Well too bad for Lance, and Im happy AC gave the stage to the Sclecks. His loyalty to another team was better served tahn his own back-stabbing Astana team mates who were at the Tour just to promote their own goals for next year and not even bother supporting AC for his win.

In fact, I wish Contador had attacked non stop to drop both Kloden and Armstong, they were pretty much on different teams anyway, proven by their announcement of their RadioShack plans.

I hope half the Radioshack team gets busted in the classics races in the beginning of the season.

Dang, you are a one trick pony and your trick is getting old.
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Old 07-28-09, 08:40 PM   #13
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3. Draft is a non-issue on mountains, I think. Maybe AC was to prevent anyone from attacking, or to neutralize it by catching up, thus helping LA. But I didn't really see that happening.
Obviously you are a very slow climber. These guys climb in the 10-17 mph range. A draft is of great assistance at those ranges.
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Old 07-28-09, 09:25 PM   #14
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Obviously you are a very slow climber. These guys climb in the 10-17 mph range. A draft is of great assistance at those ranges.
10-16mph is NOT draft range. sorry. drafting effects are more like 20+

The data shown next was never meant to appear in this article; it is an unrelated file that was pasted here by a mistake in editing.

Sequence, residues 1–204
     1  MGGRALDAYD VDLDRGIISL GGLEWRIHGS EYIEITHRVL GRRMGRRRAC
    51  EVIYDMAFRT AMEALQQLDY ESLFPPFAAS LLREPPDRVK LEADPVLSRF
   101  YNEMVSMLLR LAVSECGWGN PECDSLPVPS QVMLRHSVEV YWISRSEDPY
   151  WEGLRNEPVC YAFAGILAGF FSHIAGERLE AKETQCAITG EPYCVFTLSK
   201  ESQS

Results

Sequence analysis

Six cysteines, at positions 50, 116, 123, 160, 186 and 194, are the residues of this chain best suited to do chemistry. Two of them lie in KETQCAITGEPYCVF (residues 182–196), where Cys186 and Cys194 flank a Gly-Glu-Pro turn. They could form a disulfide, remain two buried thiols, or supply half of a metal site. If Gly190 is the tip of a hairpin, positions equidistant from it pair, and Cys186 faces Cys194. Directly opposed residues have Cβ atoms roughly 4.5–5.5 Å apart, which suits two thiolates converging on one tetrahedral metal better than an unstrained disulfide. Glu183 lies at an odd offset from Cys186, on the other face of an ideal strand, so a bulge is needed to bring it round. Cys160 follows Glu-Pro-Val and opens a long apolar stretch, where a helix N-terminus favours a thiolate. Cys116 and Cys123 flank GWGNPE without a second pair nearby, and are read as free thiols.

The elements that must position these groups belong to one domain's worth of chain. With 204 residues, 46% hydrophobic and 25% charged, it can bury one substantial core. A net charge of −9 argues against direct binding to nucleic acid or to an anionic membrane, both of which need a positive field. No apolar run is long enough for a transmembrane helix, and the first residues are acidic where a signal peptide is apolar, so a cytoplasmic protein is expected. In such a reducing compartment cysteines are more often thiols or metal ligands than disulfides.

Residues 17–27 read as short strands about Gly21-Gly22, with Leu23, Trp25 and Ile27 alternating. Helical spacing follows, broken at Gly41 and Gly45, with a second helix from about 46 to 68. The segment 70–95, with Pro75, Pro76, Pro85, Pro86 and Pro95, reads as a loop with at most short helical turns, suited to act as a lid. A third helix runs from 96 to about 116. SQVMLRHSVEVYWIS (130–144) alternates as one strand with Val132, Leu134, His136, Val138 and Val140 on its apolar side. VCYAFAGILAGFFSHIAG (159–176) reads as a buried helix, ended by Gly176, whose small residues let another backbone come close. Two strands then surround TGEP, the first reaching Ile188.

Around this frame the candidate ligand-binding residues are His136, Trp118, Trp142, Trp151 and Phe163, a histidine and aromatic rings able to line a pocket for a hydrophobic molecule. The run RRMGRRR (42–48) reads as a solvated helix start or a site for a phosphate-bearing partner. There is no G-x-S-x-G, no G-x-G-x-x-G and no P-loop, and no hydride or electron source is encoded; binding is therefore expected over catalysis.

unless there is a noticeable head wind, the pace is more psychological than anything.
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Old 07-28-09, 09:39 PM   #15
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2. During the same stage, towards the end, Contador pat the back of the Schlecks more than a few times (I am assuming he's saying something like 'the win is yours') Is he doing that so that the Schlecks could relax and therefore not out-exhaust one another for no apparent reason?
Contador was refusing to work with the Schlecks they are the ones who needed the time the most, and so he was just sitting on wheels for the descent and final push. When they'd try to get him to take a turn on the front, he'd just wave them through (or give them a little push on the bum). No reason for him to work. At least, that's how I saw it.
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Old 07-28-09, 10:06 PM   #16
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Your observations are astute my friend.
It is refreshing to see that an innocent and untainted viewer can see for themselves what the reality is.

The truth is that non of what was reported or announced by the commentators was true. The commentators are paid by Versus to promote absolutely NOTHING BUT Lance Armstrong. If Lance was the one attacking it would have been labeled "stamping his authority on the race" AC doing it was labeled attacking his own team. Like you said yourself, ACs job is to win, and there is no benefit in him waiting for his teammates. They had dropped. Simple as that. Lance was simply not strong enough to keep the pace of the Scleck's attacks. The monkey dropped and that is that. Its not ACs job to wait for a domestique. That is absolutely absurd and idiocity at its highest and purest form.
The podium spot was BS too. Mountains are mountains, the strong men go, the weak drop. there is no tactic behind that.